[Music: "Lower Than The Grave", "Adolf A Carrot"]

JR: After Blubberknife, I believe, some interest came from Ink Records in England.
TE: Well, we did that cassette, and next year in ... no, actually about the same year, 1983, we had this new thing together, called Since The Accident. It hadn't actually got to that stage yet. By the time, there was a lot of fighting in the band and the whole thing broke up. At that stage it was Simon Knuckey, Garry Bradbury, and myself in the band, and the other two, Gary Bradbury left in a very noisy way, and there's lots of reasons for that, so we didn't finish that off until maybe ... no, by 1983, we had a C-60 cassette available in a folder. So what actually turned up ended up being the LP version, it's just a very much cut-down version of what was originally a cassette. And at that stage, there was a fellow called Dave Gibson, who was down from England, and he was looking for Australian bands. The flavor of the month in England at that stage was Australian bands, and it seemed that every little English company was down here trying to find a couple of bands for some compilation, or something like that. The story goes that we gave him a copy of Since The Accident as a C-60. He went down on ... it's a very big country we live in, and the cities are far apart, so he had a 14-hour train trip with a Walkman and a copy of Since The Accident. And by the time he arrived at the other city he'd decided he'd go for it. So it came out in England the next year.

JR: This album has lots of interesting songs with interesting titles, like "Exploring the Secrets of Treating Deaf Mutes", "Gashing the Old Mae West", "A Relic of the Empire". Would it be presumptuous to ask you where you got some of these song ideas from? TV and radio and other media come to mind.
TE: Well, a lot of songs like your usual top 40 stuff has a theme about it. Like he loves her, and she doesn't loves him, and you get the title from that. What we had was collections of noises, and there was no real theme that you really could put to them, so it was sort of up for grabs what would call them. There was no confining principle, you were really free to call them whatever you want. So we'd just go for whichever phrases or ideas happened to be up in the air at the time. The thing started off weird with Blubberknife. It's just a word that just had a nice ring to it. So "Exploring the Secrets of Treating Deaf Mutes" is the title of a small pamphlet put out in Peking back in the Maoist era. The idea being that Mao used to talk about how you had to learn from the people, you had to learn from the people's medicine. This was a booket telling doctors that they had to learn about acupuncture. The idea was that you'd stick pins up people's ears and they'd be able to hear again. The booket was filled with lots of little children with pins sticking out of their ears, all so happy and smiling and singing away, even though they were deaf mutes before. The lyrics for that actually got written after we had the title.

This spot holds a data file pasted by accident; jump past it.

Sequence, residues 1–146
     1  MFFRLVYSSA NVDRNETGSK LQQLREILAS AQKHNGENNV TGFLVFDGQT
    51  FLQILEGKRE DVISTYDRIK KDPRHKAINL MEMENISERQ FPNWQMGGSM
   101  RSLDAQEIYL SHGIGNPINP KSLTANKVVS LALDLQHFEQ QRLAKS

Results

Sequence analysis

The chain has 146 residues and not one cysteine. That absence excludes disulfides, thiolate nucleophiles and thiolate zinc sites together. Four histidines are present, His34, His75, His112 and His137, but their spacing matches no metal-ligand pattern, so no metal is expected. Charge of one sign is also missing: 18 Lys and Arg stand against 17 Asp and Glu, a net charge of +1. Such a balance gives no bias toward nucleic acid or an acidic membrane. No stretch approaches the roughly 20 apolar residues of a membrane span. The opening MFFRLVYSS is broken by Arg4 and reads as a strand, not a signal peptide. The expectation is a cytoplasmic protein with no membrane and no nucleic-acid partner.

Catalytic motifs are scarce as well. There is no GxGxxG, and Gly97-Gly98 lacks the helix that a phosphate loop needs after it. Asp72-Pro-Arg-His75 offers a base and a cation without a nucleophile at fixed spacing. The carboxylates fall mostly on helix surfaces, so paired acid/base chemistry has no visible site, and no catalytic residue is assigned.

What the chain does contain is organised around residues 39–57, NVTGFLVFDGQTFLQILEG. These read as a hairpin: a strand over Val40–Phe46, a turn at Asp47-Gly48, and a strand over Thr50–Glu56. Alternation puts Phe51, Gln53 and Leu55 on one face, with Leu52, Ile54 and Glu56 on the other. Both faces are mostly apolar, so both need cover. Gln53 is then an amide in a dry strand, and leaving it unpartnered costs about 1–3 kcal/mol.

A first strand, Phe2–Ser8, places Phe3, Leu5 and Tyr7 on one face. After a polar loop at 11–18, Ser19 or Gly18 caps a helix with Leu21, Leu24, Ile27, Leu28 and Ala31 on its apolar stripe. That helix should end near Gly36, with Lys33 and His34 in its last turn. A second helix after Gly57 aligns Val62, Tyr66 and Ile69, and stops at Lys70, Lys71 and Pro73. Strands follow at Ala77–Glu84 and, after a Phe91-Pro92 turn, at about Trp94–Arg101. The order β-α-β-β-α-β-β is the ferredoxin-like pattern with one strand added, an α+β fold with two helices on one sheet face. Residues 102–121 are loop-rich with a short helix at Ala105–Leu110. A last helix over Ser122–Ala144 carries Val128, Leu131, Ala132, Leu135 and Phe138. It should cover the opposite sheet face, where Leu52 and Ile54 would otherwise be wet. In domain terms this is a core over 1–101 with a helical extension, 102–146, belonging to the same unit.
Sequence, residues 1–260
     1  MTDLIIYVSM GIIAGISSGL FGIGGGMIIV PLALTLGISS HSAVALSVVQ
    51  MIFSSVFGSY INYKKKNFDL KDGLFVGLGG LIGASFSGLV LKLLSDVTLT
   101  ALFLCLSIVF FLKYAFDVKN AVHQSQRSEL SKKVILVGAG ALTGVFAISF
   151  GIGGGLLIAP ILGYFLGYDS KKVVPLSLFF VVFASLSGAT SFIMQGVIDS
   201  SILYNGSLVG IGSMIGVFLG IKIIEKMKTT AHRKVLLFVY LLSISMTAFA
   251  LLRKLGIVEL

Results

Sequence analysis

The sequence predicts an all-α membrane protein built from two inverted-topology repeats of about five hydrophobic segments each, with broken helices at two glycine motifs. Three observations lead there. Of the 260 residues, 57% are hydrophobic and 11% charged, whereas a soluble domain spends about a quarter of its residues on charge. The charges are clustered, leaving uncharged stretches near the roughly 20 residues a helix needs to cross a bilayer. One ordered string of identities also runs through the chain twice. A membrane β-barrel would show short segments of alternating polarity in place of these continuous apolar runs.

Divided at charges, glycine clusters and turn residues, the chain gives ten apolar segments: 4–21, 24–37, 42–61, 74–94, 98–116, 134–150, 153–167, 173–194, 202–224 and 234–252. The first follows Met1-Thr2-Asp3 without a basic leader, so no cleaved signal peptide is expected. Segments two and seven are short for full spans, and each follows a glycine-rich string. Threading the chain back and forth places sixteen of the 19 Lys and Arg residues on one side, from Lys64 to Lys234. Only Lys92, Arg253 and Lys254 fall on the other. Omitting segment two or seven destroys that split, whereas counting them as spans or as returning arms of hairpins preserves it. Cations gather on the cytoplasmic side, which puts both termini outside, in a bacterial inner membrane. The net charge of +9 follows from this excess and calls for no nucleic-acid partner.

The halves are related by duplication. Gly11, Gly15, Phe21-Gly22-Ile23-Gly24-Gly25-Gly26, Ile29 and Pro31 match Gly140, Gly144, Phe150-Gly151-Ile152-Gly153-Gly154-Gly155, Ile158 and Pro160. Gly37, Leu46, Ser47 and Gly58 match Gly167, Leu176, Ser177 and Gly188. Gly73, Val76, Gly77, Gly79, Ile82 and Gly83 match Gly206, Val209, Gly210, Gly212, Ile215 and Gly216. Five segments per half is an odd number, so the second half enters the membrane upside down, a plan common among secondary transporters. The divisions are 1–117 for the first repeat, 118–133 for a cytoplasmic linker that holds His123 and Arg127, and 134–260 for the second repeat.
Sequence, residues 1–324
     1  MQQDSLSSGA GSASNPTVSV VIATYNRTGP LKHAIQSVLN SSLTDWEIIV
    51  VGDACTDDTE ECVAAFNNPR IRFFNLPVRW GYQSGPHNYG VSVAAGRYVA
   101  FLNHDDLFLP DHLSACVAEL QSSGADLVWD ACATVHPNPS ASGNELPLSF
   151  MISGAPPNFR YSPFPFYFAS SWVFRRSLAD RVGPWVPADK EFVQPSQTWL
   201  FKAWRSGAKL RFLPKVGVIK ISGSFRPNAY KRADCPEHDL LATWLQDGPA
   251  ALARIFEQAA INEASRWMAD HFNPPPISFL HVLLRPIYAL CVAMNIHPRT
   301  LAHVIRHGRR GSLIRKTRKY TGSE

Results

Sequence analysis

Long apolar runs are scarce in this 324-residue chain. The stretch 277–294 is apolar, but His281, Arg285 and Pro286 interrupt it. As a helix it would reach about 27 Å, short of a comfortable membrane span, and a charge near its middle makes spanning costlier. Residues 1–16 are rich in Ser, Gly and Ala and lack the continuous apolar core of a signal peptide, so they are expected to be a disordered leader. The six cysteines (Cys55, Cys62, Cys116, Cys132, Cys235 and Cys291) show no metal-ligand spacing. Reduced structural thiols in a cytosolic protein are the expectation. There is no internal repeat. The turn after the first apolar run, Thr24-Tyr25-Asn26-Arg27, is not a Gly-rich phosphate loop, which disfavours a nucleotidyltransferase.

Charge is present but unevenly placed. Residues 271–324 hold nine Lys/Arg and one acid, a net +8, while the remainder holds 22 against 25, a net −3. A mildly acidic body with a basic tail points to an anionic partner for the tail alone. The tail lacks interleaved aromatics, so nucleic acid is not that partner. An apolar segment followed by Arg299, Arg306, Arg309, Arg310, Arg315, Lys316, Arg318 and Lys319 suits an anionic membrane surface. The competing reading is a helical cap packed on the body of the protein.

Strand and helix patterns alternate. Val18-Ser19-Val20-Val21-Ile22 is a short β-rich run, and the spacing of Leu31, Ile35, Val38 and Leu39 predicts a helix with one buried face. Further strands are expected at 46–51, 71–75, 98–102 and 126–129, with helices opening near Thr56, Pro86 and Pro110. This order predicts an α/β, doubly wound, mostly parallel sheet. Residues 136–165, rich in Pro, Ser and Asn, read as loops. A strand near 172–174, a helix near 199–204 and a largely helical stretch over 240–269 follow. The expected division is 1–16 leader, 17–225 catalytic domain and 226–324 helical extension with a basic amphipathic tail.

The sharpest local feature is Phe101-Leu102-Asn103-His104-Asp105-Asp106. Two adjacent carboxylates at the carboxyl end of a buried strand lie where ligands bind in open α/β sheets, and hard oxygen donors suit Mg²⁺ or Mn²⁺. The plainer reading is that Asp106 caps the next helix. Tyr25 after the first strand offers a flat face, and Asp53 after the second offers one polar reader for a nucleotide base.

[Music: "Exploring The Secrets Of Treating Deaf Mutes", "Houses Still Standing"]

JR: Next we come to the first successful single for you, "Dead Eyes Opened".
TE: Well, it's utterly insipid, isn't it?

JR: Most people would think that this song is very important for you because the band's name is in the dialogue. Is that correct?
TE: Well, we found the ... the essential issue with that thing is the tone of the fellow's voice. The man is called Edgar Lustgarten, and he's a crime journalist in England. It's was quality of his voice which was interesting. I suppose when you hear that particular snippet it's funny enough to stick it on the soundtrack. And it's a very obvious ... it does the trick in terms of your band's name is in the song. I mean, if you think about the context of that song, it's been played in dance clubs. Dance tracks are a sort of blur, because they're made to sound exactly the same, so you can intermix. Obviously, a dance track which mentions the name of the band is going to somehow do a lot of use for the band, you know? Musically, the song has very little to do with what the guy's on about so much as the way he says it.